12v on Pic input

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Robert Reed
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Re: 12v on Pic input

Post by Robert Reed » Fri Oct 21, 2005 4:10 pm

Matt<p>Very confusing--Your last diagram still has PIC input at a locked ground as Philba pointed out. The one several posts before this showing a door switch will only serve to blow out a fuse somewhere.

Gorgon
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Re: 12v on Pic input

Post by Gorgon » Fri Oct 21, 2005 4:40 pm

<blockquote><font size="1" face="Verdana, Helvetica, sans-serif">quote:</font><hr>Originally posted by Matt Nuzum:
<p>
Hi, I think I'm using 2.2k. Can you tell me how you came up with that value or point me to a link on the web?<p>As I've mentioned, this is the first circuit like this I've built from the ground up. Choosing transistors still seems a little foreign to me.
<hr></blockquote><p>Hi Matt,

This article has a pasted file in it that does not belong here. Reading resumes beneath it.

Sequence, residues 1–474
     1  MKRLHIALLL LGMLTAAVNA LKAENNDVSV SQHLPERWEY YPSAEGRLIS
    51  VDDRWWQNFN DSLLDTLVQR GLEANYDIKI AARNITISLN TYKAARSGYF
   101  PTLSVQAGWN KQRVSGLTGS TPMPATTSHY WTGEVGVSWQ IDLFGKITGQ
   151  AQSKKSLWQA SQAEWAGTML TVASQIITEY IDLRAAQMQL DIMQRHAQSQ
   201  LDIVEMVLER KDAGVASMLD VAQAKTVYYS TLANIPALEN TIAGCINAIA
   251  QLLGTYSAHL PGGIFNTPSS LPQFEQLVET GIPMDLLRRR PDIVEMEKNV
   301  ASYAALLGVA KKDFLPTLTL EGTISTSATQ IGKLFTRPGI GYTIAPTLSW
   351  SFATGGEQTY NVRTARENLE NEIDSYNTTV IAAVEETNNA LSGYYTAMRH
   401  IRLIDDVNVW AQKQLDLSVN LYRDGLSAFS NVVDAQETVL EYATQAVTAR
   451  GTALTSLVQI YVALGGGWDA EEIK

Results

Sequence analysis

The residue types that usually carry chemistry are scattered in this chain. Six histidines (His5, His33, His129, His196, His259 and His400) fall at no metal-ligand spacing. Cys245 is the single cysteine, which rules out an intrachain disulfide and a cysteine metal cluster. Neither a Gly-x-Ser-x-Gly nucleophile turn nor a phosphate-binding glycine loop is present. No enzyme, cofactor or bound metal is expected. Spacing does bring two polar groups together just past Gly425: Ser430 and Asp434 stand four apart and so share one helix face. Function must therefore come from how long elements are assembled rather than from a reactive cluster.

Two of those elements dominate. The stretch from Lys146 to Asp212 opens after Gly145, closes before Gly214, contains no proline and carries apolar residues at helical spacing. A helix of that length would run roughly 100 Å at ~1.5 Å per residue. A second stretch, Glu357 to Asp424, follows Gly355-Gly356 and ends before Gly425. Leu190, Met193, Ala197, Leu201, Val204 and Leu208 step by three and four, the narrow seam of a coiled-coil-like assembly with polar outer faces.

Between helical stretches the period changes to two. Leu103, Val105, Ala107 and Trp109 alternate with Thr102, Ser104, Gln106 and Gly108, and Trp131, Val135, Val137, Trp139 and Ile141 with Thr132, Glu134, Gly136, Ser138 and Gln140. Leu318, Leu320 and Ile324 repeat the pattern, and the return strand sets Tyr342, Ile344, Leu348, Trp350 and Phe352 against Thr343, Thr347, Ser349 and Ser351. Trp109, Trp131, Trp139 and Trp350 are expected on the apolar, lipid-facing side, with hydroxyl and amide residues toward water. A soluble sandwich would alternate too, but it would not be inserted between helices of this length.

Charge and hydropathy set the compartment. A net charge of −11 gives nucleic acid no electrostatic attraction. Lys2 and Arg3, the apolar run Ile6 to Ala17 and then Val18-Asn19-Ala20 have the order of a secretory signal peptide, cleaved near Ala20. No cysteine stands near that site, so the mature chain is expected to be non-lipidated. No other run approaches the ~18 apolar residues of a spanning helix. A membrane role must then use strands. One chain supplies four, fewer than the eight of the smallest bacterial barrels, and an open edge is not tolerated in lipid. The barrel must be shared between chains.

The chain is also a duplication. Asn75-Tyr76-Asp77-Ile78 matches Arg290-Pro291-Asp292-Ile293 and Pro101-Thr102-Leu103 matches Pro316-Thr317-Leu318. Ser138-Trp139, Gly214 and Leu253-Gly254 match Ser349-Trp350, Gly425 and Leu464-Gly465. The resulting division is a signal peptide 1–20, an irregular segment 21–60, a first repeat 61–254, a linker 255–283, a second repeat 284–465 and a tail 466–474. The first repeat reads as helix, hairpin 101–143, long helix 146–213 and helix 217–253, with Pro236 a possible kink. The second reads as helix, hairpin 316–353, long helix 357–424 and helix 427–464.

The 100 ohm is a bit of worstcase config, but it goes like this. Looking in the datasheet for the 2N2222 you'll see that the hFE for [email protected] has a min value of 30. The static current in the speaker is [email protected] = 0.75A. Base current = 750/30= 25mA.<p>I have not looked in the datasheet for your PIC processor, but PICs has a normal limit of 25mA output at 2.5V drop. Leaving 2.5V-0.7/100ohm = 18mA Ib. This limits the PIC's output current and drives your transistor relative hard. I think your speaker sounds a bit louder now.<p> http://pdf.alldatasheet.co.kr/datasheet ... N2222.html <p> <blockquote><font size="1" face="Verdana, Helvetica, sans-serif">quote:</font><hr>Originally posted by ecerfoglio: